What if My Gas Stove Won’t Allow the Flow of Gas Without Electricity?
Luckily this situation can be remedied in a safe and cheap manner and it does not involve tampering with your stove and oven.
I have recommended these in other articles, and I will advocate for them again. The answer to this problem is in a 400-watt power inverter. Simple as that.
A stove that is fueled by gas or propane only needs a small amount of electricity to power the display and to create a spark when you try to ignite it. They barely use any electricity at all but the absence of it can cause the safety features inside to cancel the flow of gas on newer models.
Simply purchasing a 400-watt DC-to-AC inverter, like this one seen here on Amazon, can get you back up and running in no time. This unit will clamp onto a car battery and provide 400-watts of continuous energy to your appliances and a gas stove barely uses any of that.
You can pop the hood of your car, clamp on the inverter to the battery terminals, plug in an extension cord and run it to your oven as one method of operation without “power”.
Or, if it’s raining and you don’t want the inverter to get wet and die, you can disconnect your battery from the car and bring inside and do the same thing.
As long as you’re using the car battery to power just the stove then it is not going to do much to drain the battery at all. In fact, the car battery could charge your phones with the inverter or with clamp-on-battery DC adapters like the one seen here on Amazon (here for the additional 4-way splitter), and you can also power some lamps with LED lights with the inverter in a pinch as well.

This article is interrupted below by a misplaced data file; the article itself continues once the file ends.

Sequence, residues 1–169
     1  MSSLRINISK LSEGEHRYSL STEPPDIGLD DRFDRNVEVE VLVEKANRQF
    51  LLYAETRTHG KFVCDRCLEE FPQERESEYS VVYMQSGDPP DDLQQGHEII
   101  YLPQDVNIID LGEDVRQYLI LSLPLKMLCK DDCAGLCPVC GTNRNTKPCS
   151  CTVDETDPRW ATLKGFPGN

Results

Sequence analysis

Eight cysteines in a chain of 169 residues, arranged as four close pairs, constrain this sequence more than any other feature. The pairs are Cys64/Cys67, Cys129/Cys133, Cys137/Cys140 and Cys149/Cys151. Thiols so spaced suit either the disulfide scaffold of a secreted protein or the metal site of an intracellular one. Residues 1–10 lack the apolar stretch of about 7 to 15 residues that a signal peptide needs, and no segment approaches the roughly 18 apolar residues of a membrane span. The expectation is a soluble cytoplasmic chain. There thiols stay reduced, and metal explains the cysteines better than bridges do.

Now, if you’re looking to start the oven with a car battery, you’re going to be putting quite the stress on it. First of all, you’d need a larger inverter like the one seen here on Amazon to power your ingnitor.
When I tested my ignitor with a Kill a Watt Mater® (Amazon) I was getting a 400-watt consistent reading. Considering a typical car battery has about 600-720 watt-hours, that’s putting quite the strain on the battery. Especially since the coil must be lit the entire time the oven is heating up.
Just keep in mind that car batteries are “starter” batteries and are not designed for deep discharges. They do not live long if you drain them down a long way and recharge them again more than 10 to 12 times. Keep the usage light, and if you’ve used the battery for a while make sure to hook it back up in the car and run the car for at least a half an hour to let the alternator charge the battery back up.
If you’ve run the battery down about halfway and still manage to start the car, it is best to drive it around for a while since the alternator will replenish the charge faster that way and you don’t want to be without a vehicle when the grid goes down for you.